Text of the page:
“The course tonight, I thought she jumped the first round excellent,” Maher continued. “It was the first time under the lights for her, and she did not seem to be affected by that. It was a tough course, but the jump-off really played into my hands. Had McLain’s turn pulled off, and had Meredith left the jumps up, I do not know if I could have actually been quick enough to beat them, so I decided to play it a little safe and leave the jumps up. That is not my nature normally, but I think I played a smart game tonight and put the pressure on Todd. Fortunately for me, it worked out. It could have gone either way.”
The cards did not play in Ward’s favor this time around, but the rider was happy for Maher, and felt that HH Azur jumped two great rounds. The ten-year-old Belgian Sport Horse mare (Thunder van de Zuuthoeve x Sir Lui) took a big win in week seven’s $380,000 Suncast® Grand Prix CSI 5*. Ward gave it everything in this week’s jump-off hoping for another victory, but one unlucky rail came down.
“We have been building up towards this trying to get her fit,” Ward noted. “Our plan was to try to not totally peak her, but pretty much peak her at this point and then drop back a little, have a little rest, and then aim for Rio. She felt another gear tonight and to be honest, with these guys coming behind me, I was not trying to leave anything on the table. I was kind of trying to put the knife in them. I think her pole was a little bit unlucky to be honest. I do not think she hit it very hard. I maybe started to press to the last line a touch early. The horse performed great, I was happy with the riding, and you have a great winner. Ben is a super, top, world-class rider, one of the best in the world. It is always nice to win, but you can live with being beat by a guy like this.”
Michaels-Beerbaum also thought Fibonacci 17 jumped great and just had an unlucky rail in the jump-off. The 11-year-old Swedish Warmblood gelding (For Feeling x Corland) finished the night in third place, and his rider was happy to be in the top three alongside Maher and Ward.
“Fibonacci was in great form tonight; he felt amazing, and he jumped two beautiful rounds,” Michaels-Beerbaum stated. “I did not actually expect to knock one down in the jump-off because he was jumping so well, so maybe I took that jump a little casually or underestimated it perhaps. I was delighted with him. I am very pleased to be in the top three. That is always where a rider would like to end up, and with these two in front of me, my Chef d’Equipe Otto Becker will read their names in Germany and know the class was really hard and good, so it works for me.”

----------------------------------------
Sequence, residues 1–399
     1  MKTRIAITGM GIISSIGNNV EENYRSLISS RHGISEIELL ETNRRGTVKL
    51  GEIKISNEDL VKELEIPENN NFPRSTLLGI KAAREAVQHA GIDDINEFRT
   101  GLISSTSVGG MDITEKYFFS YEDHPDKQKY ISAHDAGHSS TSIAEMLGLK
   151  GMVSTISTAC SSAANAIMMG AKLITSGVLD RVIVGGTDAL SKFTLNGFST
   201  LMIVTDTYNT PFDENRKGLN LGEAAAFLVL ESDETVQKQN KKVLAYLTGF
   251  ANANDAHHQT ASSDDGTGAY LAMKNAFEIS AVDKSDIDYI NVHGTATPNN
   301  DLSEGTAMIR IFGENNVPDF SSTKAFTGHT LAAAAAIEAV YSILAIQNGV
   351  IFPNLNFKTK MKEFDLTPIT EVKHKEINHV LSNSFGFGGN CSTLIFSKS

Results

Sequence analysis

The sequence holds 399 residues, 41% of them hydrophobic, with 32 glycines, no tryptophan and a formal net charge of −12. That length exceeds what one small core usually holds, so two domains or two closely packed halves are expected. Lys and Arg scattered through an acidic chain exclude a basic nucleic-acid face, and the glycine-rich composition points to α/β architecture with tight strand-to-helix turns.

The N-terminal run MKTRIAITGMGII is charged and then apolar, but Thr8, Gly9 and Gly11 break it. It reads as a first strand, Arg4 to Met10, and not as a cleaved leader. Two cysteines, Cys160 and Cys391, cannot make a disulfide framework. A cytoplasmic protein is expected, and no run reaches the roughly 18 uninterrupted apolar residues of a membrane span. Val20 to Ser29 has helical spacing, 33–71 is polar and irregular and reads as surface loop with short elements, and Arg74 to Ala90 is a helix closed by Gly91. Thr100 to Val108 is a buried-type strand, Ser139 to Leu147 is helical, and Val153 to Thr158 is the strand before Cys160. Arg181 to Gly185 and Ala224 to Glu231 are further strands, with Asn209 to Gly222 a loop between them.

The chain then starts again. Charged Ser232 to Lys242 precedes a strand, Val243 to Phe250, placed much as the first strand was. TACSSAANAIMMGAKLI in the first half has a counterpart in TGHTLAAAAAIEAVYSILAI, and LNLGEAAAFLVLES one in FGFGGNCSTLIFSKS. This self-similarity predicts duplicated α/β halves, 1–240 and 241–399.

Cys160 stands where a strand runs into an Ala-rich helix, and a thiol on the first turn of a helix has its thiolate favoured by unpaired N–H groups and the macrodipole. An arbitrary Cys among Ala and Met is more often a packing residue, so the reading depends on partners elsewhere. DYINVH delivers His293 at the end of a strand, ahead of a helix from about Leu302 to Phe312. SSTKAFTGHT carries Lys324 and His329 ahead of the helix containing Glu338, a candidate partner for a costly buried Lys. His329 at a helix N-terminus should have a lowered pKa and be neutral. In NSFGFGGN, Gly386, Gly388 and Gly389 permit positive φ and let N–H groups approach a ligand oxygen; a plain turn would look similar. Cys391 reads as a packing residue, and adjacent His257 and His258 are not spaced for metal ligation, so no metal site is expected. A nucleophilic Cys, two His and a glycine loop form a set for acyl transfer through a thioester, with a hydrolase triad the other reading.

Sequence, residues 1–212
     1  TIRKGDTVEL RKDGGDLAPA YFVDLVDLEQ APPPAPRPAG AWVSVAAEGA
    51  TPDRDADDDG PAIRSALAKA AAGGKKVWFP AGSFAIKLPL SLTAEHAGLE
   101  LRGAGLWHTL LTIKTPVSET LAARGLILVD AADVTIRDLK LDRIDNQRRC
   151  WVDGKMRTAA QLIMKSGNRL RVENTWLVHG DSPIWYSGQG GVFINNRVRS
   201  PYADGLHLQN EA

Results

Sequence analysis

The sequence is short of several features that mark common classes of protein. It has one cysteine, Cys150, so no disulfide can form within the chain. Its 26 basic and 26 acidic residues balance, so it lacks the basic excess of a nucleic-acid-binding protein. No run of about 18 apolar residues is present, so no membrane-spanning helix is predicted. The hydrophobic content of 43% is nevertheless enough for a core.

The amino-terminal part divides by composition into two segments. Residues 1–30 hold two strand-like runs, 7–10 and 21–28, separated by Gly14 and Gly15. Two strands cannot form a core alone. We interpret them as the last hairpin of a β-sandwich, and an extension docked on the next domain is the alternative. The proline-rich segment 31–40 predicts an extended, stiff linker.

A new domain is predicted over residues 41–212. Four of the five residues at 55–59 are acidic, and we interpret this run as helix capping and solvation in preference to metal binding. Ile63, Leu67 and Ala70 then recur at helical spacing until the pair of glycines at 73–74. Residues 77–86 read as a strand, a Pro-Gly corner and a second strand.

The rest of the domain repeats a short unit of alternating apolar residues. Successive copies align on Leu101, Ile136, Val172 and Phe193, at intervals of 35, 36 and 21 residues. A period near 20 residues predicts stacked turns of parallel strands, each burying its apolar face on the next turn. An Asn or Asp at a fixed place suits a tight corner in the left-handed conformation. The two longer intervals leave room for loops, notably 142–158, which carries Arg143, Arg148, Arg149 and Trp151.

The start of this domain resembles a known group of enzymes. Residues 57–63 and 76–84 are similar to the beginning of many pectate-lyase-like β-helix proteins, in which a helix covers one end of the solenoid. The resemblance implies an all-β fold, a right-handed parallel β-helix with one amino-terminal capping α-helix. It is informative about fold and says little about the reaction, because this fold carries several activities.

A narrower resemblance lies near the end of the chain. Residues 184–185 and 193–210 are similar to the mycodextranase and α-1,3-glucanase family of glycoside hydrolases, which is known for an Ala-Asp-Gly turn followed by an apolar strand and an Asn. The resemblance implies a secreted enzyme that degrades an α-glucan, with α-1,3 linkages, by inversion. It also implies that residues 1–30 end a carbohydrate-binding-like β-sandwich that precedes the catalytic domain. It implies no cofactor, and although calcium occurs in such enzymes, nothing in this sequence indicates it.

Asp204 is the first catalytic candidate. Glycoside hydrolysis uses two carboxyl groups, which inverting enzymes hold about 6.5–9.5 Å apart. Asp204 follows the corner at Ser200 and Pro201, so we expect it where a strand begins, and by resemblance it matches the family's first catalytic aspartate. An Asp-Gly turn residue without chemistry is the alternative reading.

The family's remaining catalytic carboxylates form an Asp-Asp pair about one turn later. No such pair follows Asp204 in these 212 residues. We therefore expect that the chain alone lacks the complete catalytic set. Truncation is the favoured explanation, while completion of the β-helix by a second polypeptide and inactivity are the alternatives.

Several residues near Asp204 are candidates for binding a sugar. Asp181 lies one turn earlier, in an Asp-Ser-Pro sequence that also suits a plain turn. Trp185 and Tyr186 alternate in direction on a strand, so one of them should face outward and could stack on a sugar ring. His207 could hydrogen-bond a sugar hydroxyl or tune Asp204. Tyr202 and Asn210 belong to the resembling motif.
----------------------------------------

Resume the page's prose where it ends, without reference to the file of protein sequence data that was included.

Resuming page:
Maher spoke of the night’s first round track, stating, “I thought it was a great course. For my horse in particular, it started a little bit bold. I knew the water to the double verticals was going to be a difficult ride. It did not feel so comfortable how I got that done, but I got it done. The last line, the horses were tired and it was a big oxer coming out. The Rolex oxer was wide at the end, and for sure a lot of hopes were dashed there. I thought there would be more clears actually. They all jumped well, but it is hard to jump double-clear in these grand prix.”
Ward added his thoughts on the course, stating, “I thought Anthony did a great job. He had the right number of clear, faults all over the place, and it was a very smooth course to ride. The water line was a little tricky, but I thought it gave the riders a fair chance, and was an excellent course.”
Commenting on the end to a fantastic evening, Equestrian Sport Productions’ CEO Mark Bellissimo added his final thoughts, stating, “I want to commend this group. It is such an international crowd with USA, Great Britain, and Germany represented with all world-class riders. It is exciting to see such great sport here and to end on a very high note. I am pleased that everyone was so spectacular in their performances this evening. I would also like to thank Rolex. This festival took a big transition a number of years ago when Rolex came on board, and it was a transition to four five-star [shows]. It was nice to finish this year on a great five-star and a great class.”